Aoso Shrine in Sendai, Miyagi Prefecture, is the headquarters of Aoso shrines all over the country. It was founded in 852 by Hozumi Yasumasa, the ancestor of the current shrine priest’s family, who came to this area from Kyoto. He enshrined Amaterasu Omikami (the sun goddess), Ame no Minakanushi no Kami (the god of the universe), and Tsukuyomi no Kami (the god of the moon) in the cave where holy water sprang out; hereby the shrine is famous as the place where the sun, the stars and the moon are enshrined together.
Yasumasa taught the villagers how to grow hemp plants. It is said that the shrine name “Aoso,” which literally means Green Hemp, was derived from this episode. The shrine has been known for its divine power to cure and prevent palsy, and it is said that if you visit this shrine three times, you will never be stricken with palsy for the rest of your life.
As the Hozumi clan was involved in maritime industry, the shrine is also worshipped as the deity of navigation safety. The famous fine water “Osuzu” springs out in the precinct. A lot of visitors come to take a drink of this holy water.
Mouke Shrine is a historic shrine located in Shikano-cho, Tottori City, Tottori Prefecture. Although when it was originally founded is unknown, it has been called Myoken Daigongen and worshipped by local people as the guardian god of the village since the ancient times. According to the existing “tosatsu,” which is the wooden plate staked to a building’s ridgepole and stating details of the construction, the present shrine building was built in 1492. The shrine was renamed to Mouke Shrine in 1692. Since the word “mouke” can be punned on “moukeru,” meaning “to make a profit” in Japanese, the shrine is now visited by a lot of people in hope of their business success. Though it is located away from the town center and at the top of the 105 stone steps, the shrine is always crowded with visitors from all over the country.
Soma-Nomaoi is a Shinto ritual annually held for 3 days from July 23 to 25 in Minami Soma City, Fukushima Pref. In this historical event, 500 mounted horsemen in traditional samurai armor ride through the towns and head for the open field, where they scramble for shrine flags of the three Myoken Shrines in this region and pursue unsaddled horses to capture as offerings to a Shinto deity. Soma-Nomaoi has its origin in a military exercise done more than 1,000 years ago by General Taira no Masakado, the ancestor of the later holders of the Soma clan, in which he released wild horses on to the plain for his cavalry to pursue and capture. The residents of ancient “Go (an administrative territory)” act as samurai horsemen, and each “Go” belongs to one of the three shrines of Nakamura Shrine, Ota Shrine, and Odaka Shrine. Soma-Nomaoi was nationally designated as an Important Intangible Folk Cultural Property in 1978.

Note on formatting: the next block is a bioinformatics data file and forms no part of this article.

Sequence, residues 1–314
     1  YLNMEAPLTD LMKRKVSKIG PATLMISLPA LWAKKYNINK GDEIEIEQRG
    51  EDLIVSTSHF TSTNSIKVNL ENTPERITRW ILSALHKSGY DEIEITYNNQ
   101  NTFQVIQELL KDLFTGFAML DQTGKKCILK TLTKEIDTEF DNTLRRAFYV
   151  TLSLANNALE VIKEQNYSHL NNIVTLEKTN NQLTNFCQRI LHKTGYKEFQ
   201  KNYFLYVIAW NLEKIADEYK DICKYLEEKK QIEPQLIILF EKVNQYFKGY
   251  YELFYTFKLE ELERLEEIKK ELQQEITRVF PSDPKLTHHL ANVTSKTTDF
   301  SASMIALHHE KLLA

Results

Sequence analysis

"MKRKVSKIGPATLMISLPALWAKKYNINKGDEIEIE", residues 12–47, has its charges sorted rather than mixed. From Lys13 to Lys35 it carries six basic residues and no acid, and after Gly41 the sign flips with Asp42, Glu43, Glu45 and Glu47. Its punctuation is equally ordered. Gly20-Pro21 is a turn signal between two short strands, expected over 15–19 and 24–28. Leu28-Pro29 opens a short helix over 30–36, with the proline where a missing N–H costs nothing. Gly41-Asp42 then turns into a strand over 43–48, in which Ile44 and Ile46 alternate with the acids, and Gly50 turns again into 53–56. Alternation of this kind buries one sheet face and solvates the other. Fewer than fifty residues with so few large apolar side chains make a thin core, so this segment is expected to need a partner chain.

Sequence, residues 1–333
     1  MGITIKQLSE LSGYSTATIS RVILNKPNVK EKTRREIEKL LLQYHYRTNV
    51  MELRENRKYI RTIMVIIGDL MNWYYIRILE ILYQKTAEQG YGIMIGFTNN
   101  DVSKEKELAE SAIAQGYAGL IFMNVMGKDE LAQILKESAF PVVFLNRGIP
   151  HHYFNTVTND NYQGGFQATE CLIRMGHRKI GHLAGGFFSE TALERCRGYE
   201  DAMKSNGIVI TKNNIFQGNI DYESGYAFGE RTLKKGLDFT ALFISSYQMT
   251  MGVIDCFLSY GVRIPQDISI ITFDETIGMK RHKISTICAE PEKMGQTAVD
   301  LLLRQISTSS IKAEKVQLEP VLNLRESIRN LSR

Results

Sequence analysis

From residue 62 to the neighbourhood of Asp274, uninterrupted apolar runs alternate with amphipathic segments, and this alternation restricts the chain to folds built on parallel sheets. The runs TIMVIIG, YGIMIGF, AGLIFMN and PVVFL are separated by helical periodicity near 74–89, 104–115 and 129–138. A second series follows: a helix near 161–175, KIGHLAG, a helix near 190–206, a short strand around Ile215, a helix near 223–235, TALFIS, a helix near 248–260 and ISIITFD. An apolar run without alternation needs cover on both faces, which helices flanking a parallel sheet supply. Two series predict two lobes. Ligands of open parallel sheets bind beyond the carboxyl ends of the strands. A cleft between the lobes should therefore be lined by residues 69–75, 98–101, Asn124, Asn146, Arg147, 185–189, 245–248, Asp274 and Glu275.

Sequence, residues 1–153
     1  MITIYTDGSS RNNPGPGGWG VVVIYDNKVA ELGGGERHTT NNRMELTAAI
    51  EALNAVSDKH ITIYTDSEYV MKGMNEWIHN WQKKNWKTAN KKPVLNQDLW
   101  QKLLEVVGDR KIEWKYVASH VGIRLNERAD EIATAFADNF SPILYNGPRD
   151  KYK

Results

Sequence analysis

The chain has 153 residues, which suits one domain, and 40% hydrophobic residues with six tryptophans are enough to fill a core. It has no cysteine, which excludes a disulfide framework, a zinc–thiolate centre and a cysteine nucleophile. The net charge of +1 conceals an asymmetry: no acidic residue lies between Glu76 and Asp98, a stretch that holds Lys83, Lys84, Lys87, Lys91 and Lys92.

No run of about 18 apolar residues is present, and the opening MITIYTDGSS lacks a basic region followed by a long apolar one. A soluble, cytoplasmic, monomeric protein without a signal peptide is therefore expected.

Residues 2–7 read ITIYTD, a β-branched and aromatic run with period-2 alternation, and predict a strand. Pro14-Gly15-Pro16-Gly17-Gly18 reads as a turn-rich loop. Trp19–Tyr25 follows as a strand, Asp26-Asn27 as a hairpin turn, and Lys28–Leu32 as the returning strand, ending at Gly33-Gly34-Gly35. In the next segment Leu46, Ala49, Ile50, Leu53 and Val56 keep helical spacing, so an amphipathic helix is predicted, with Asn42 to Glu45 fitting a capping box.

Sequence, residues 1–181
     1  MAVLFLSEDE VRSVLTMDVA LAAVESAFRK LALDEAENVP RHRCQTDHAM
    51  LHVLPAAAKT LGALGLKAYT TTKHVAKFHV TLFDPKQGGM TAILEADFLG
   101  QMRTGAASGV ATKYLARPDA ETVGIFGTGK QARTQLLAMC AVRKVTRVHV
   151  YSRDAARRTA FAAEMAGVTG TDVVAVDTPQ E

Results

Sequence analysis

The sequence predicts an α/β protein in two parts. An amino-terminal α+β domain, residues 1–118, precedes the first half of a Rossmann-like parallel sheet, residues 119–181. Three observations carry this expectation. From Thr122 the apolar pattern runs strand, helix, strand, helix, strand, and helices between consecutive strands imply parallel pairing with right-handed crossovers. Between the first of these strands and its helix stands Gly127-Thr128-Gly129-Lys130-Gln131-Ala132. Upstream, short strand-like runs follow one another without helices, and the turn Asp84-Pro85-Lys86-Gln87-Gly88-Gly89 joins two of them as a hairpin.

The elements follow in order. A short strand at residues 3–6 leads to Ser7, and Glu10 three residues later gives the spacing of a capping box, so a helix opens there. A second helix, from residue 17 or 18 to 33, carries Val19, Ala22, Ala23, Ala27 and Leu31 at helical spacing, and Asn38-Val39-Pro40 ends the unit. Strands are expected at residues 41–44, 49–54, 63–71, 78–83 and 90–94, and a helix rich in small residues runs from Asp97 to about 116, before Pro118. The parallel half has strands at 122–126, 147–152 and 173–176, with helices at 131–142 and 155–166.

Kumohachiman Shrine located at Yabakei Town in Nakatsu City, Oita Pref. enshrines Kumo no Yahata no Okami and Myoken Okami. In the precinct stand a huge cedar tree, which is called “sennen Sugi (The 100-year-old cedar). The origin of the shrine dates back to the 3rd century, when legendary Empress Jingu, who was on her way back from the Korean invasion, took a rest on a huge stone at the foot of a mountain. Since then miraculous events including a white cloud rising up out of it had happened around this stone. In 703, a lot more clouds suddenly rose up from the stone and the light like arrows of lightening flashed and it took the shape of a small child-like god, which then disappeared. Having the feeling of awe at this miracle, the village people built a small purple shrine beside the stone and worshipped it respectfully. This is the origin of Kumohachiman Shrine and the Kumoishi Stone. The main building was relocated to the present place by Masataka Kiyohara (the lord of the province) later in 983. The shrine is famous for “Kappa Festival,” or formally named “Miyazonogaku,” in which traditional music is played to dedicate to the gods. The legend has it that Heike refugees, who had been defeated in the battle with Genji clan, transformed into a Kappa and brought harm to people, so the villagers began to play music to appease their spirits.
A festival of thanksgiving for safety in the past year and a time to wish for happiness in the coming year is held annually in November on the Day of Tori (roosters) at Juzai-san Chokokuji Temple, also called Otori Sama (Otori Shrine), in Asakusa, Tokyo, and at many other Otori shrines.
The origin of the festival dates back to the Edo period, when farmers thanked the harvest god and dedicated chickens to the Otori Daimyo god at Hanamatamura (the Otori shrine in Hanabatake, Adachi Ward).
Hanamatamura, Shosenji Temple (in Adachi ward) and Chokokuji Temple (in Asakusa), became famous as the birthplace of Tori-no-Ichi fairs.
In the 8th year of the Showa period (1771), the Buddhist statue Myoken Dai-Bosatsu was moved to Chokokuji Temple and the shrine there came to be recognized as the pre-eminent Torishrine. Myoken Dai-Bosatsu is supposed to be the Hagun star, the Seventh Star star of the Big Dipper. The Chokokuji Temple crests are also called ‘Moon crests’ or ‘Big Dipper crests’.
These ‘rooster’ fairs are known as ‘Good Luck Rake Fairs’ because a rake is supposed to rake in happiness, and to help wish for good luck and a prosperous business. It is typical of Edo people, who like jokes.